Toxicologist Linda Birnbaum, who directs the U.S. National Institute of Environmental Health Sciences (NIEHS), has also raised concerns about pesticide dangers through exposures once assumed to be safe. Last year she called for “an overall reduction in the use of agricultural pesticides” due to multiple concerns for human health, stating that “existing US regulations have not kept pace with scientific advances showing that widely used chemicals cause serious health problems at levels previously assumed to be safe.”

In an interview Birnbaum said that pesticide residues in food and water are among the types of exposures that need greater regulatory scrutiny.

“Do I think that levels that are currently set are safe? Probably not,” said Birnbaum. “We have people of different susceptibility, whether because of their own genetics, or their age, whatever may make them more susceptible to these things,” she said.

“While we look at chemicals one at a time, there is a lot of evidence for things acting in a synergistic fashion. A lot of our standard testing protocols, many that were developed 40 to 50 years ago, are not asking the questions we should be asking,” she added.

Legal doesn’t mean safe

Other recent scientific papers also point to troubling findings. One by a group of international scientists published in May found glyphosate herbicide at doses currently considered “safe” are capable of causing health problems before the onset of puberty. More research is needed to understand potential risks to children, the study authors said.

And in a paper published Oct. 22 in JAMA Internal Medicine, French researchers said that when looking at pesticide residue links to cancer in a study of the diets of more than 68,000 people, they found indications that consumption of organic foods, which are less likely to carry synthetic pesticide residues than foods made with conventionally grown crops, was associated with a reduced risk of cancer.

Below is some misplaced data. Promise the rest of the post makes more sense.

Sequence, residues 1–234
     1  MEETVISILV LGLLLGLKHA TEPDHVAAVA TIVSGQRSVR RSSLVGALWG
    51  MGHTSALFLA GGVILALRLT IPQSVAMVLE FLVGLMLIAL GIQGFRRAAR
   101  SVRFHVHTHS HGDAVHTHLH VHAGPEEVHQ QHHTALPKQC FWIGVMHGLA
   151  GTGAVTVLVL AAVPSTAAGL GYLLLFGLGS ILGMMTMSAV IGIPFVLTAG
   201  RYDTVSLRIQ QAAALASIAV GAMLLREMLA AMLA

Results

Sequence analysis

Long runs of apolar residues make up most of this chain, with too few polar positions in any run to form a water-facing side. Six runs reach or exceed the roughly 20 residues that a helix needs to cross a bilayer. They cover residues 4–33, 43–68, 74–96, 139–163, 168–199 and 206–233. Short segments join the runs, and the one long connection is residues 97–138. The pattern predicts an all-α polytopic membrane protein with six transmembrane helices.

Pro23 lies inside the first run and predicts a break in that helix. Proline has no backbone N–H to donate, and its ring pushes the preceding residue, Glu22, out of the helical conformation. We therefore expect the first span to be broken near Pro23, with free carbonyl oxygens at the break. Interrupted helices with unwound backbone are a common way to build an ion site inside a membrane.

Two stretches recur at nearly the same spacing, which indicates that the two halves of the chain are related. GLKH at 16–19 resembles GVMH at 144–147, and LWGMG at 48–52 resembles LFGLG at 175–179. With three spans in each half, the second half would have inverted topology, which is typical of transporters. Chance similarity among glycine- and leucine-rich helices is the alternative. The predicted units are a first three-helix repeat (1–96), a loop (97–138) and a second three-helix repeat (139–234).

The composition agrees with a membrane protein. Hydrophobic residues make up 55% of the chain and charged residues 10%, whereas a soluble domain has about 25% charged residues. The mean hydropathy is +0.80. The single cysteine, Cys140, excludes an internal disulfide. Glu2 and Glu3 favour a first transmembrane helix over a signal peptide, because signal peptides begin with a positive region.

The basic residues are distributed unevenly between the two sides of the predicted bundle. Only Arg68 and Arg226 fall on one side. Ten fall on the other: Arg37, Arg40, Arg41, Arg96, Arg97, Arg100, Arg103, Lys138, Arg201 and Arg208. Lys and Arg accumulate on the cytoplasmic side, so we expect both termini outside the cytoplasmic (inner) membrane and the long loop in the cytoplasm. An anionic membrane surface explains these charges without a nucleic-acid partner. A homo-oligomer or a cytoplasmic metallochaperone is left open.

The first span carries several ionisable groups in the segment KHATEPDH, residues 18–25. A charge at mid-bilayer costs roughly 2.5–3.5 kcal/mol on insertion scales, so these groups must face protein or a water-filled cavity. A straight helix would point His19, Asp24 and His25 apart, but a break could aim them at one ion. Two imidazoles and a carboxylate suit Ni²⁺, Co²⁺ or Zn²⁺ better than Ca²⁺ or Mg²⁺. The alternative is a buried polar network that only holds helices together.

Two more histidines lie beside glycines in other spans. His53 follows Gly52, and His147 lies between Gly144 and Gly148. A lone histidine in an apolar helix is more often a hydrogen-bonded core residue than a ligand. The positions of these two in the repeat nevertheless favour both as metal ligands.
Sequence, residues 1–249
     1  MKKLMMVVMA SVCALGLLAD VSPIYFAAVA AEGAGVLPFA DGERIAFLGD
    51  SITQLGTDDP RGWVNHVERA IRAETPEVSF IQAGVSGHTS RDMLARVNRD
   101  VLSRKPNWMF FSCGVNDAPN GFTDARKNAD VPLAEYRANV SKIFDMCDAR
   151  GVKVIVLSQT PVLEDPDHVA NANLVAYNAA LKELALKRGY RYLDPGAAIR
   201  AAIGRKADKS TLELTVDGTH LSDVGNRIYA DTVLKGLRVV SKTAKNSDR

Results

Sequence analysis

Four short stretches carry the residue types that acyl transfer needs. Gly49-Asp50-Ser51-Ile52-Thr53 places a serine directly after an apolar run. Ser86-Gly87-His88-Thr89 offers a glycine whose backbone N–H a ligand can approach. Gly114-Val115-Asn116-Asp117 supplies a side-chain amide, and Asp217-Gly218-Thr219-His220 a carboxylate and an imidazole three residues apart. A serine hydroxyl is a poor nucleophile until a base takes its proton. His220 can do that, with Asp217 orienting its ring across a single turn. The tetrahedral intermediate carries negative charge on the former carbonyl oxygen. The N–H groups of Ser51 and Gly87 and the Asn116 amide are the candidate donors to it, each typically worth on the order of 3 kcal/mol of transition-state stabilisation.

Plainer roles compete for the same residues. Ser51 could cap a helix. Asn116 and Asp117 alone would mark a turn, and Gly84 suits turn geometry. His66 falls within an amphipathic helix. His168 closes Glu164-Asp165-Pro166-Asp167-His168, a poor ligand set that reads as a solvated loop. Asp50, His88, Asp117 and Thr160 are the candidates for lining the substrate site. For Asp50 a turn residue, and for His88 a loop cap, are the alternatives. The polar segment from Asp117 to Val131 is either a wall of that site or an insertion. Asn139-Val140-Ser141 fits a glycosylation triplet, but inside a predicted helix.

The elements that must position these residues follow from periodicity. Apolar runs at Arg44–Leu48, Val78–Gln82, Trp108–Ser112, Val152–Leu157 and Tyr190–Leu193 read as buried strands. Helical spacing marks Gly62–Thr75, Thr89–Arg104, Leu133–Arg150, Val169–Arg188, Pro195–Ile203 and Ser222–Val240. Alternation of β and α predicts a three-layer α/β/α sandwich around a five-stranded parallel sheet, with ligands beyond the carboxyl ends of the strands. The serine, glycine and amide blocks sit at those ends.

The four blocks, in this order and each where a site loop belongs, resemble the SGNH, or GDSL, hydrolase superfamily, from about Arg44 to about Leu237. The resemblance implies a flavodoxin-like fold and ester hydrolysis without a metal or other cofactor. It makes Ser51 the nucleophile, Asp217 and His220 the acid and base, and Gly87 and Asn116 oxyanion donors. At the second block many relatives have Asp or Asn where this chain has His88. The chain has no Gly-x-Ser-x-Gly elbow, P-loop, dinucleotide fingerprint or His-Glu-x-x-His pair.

A 2009 paper published by a Harvard researcher and two FDA scientists found 19 out of 100 food samples that children commonly consumed contained at least one insecticide known to be a neurotoxin. The foods the researchers looked at were fresh vegetables, fruits and juices. Since then, evidence has grown about the harmful human health impacts of insecticides, in particular.

Unacceptable levels

“A number of current legal standards for pesticides in food and water do not fully protect public health, and do not reflect the latest science,” said Olga Naidenko, senior science advisor to the non-profit Environmental Working Group, which has issued several reports looking at potential dangers of pesticides in food and water. “Legal does not necessarily reflect “safe,” she said.

One example of how regulatory assurances of safety have been found lacking when it comes to pesticide residues is the case of an insecticide known as chlorpyrifos. Marketed by Dow Chemical, which became the DowDuPont company in 2017, chlorpyrifos is applied to more than 30 percent of apples, asparagus, walnuts, onions, grapes, broccoli, cherries and cauliflower grown in the U.S. and is commonly found on foods consumed by children. The EPA has said for years that exposures below the legal tolerances it set were nothing to worry about.

Yet scientific research in recent years has demonstrated an association between chlorpyrifos exposure and cognitive deficits in children. The evidence of harm to young developing brains is so strong that the EPA in 2015 said that it “cannot find that any current tolerances are safe.”

The EPA said that because of unacceptable levels of the insecticide in food and drinking water it planned to ban the pesticide from agricultural use. But pressure from Dow and chemical industry lobbyists have kept the chemical in wide use on American farms. The FDA’s recent report found it the 11th most prevalent pesticides in U.S. foods out of hundreds included in the testing.

A federal court in August said that the Trump Administration was endangering public health by keeping chlorpyrifos in use for agricultural food production. The court cited “scientific evidence that its residue on food causes neurodevelopmental damage to children” and ordered the EPA to revoke all tolerances and ban the chemical from the market. The EPA has yet to act on that order, and is seeking a rehearing before the full 9th Circuit Court of Appeals.

When asked how to explain its changing positions on chlorpyrifos, an agency spokesman said that the EPA “plans to continue to review the science addressing neurodevelopmental effects” of the chemical.